Looks like it runs in the family ...

Discussion in 'Off Topic [BG]' started by Munjibunga, Dec 18, 2012.


  1. Munjibunga

    Munjibunga Total Hyper-Elite Member Gold Supporting Member

    Joined:
    May 6, 2000
    Location:
    Groom Lake, NV
    Disclosures:
    Independent Contractor to Bass San Diego
    Yesterday I went to pick my daughter up after school. Usually my wife picks her up, so I needed to text her to let her know where I would be parked. I don't do much texting, and I usually sign my texts "Dad." Well, she had admonished me a week ago that you don't sign texts. So I sent her the text, "I'm right at the bottom of the stairs. Luv, Dad." When she got in the car, she says, "Dad, spell out the words in your texts. I hate all that 2, u, luv stuff." I told her I couldn't control the pride welling up in my heart for her. A grammar nazi at 14.
  2. Tony Flow MMMM

    Tony Flow MMMM Supporting Member

    Joined:
    Dec 4, 2012
  3. MarkMgibson

    MarkMgibson

    Joined:
    Oct 24, 2012
    Location:
    Brisbane, Australia
    A 14 year old said this? Wow, you really should be proud.
  4. ggvicviper

    ggvicviper P is the Key. Call me Marc or Marky Potatoes. Gold Supporting Member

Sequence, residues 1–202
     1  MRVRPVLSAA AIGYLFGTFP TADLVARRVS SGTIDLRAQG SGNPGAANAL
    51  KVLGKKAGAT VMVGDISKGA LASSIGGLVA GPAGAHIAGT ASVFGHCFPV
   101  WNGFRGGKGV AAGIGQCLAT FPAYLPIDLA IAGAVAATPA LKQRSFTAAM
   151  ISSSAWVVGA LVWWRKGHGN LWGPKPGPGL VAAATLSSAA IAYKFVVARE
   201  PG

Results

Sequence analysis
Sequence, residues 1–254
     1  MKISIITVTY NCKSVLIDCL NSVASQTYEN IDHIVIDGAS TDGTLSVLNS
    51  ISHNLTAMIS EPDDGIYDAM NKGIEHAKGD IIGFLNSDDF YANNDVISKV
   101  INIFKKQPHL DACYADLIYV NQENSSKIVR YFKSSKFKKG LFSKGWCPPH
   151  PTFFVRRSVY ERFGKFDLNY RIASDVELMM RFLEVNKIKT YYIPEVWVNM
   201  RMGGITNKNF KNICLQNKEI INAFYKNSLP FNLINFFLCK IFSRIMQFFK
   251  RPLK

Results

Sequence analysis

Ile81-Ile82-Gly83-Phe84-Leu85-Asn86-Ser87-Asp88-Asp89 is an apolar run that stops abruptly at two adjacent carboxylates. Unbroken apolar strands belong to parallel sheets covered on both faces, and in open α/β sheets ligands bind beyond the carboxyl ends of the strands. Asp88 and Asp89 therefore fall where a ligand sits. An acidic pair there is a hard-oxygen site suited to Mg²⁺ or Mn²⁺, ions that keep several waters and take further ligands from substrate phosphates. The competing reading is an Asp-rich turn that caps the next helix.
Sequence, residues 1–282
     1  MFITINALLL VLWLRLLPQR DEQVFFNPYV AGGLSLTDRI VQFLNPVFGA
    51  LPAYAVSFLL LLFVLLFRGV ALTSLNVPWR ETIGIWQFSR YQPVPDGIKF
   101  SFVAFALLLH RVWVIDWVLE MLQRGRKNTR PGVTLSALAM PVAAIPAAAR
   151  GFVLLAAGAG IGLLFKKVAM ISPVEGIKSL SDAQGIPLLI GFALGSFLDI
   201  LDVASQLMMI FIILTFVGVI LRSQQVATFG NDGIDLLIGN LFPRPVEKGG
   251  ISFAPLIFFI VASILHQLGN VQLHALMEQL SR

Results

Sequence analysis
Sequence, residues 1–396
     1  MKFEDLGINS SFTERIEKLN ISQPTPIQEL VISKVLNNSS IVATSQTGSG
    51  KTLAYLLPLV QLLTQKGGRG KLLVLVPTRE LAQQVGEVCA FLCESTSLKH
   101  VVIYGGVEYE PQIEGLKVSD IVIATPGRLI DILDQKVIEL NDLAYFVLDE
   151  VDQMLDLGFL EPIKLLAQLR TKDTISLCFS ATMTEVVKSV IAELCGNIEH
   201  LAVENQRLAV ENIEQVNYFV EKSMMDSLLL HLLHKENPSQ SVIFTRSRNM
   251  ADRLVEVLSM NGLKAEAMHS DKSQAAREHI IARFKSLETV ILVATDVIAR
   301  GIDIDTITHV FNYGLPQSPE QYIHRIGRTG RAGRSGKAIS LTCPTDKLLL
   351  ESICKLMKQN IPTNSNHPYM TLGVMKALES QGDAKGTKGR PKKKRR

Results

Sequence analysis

Joined:
    Jul 16, 2011
    Location:
    Fresh Meadows (Queens), NY, US
    Sounds like you did good, Munji!
    I hope she also grows up with your teetotaling habit as well!
  5. Register to disable this ad
  6. fraublugher

    fraublugher

    Joined:
    Nov 19, 2004
    Location:
    ottawa, ontario, canada
    So, pecadillo's are learned behaviour based on your test , good work.:)
  7. Steve

    Steve

    Joined:
    Aug 10, 2001
    An apple doesn't fell far from the tree.
  8. Jazz Ad

    Jazz Ad Mi la ré sol Gold Supporting Member

    Joined:
    Mar 16, 2002
    Location:
    Reims, Champagne, France
    Yes she's a smartass just like daddy too.
  9. jmattbassplaya

    jmattbassplaya

    Joined:
    Jan 13, 2008
    Location:
    Just south of Atlanta!
    It probably has less to do with that sort of thing bothering her when other people do it, and more of a thing to do with it only bothering her when you do it. I did the same thing to my own dad when he started writing like that in emails he was sending me.
  10. dave64o

    dave64o A legendary low talent/gear ratio! Gold Supporting Member

    Joined:
    Jun 15, 2000
    Location:
    Marlton, NJ
    This is most likely what's going on. It drives my 15 year old son CRAZY when I text him using the same shorthand he does or when I use the same smileys he does. I suppose a geezery old fart like myself simply un-cool-ifies those things so much that he'd never be able to use them again. So now I have to text him using perfect English, which I prefer anyway because everything I send to him is clearly worded and is not open to interpretation. He, on the other hand, still feels free to use the unclear, imprecise, and undecipherable shorthand he wants and that's OK.

    EDIT: Now get the h3ll off my lawn! :D :eyebrow:
  11. HaMMerHeD

    HaMMerHeD

    Joined:
    May 20, 2005
    Location:
    Norman, OK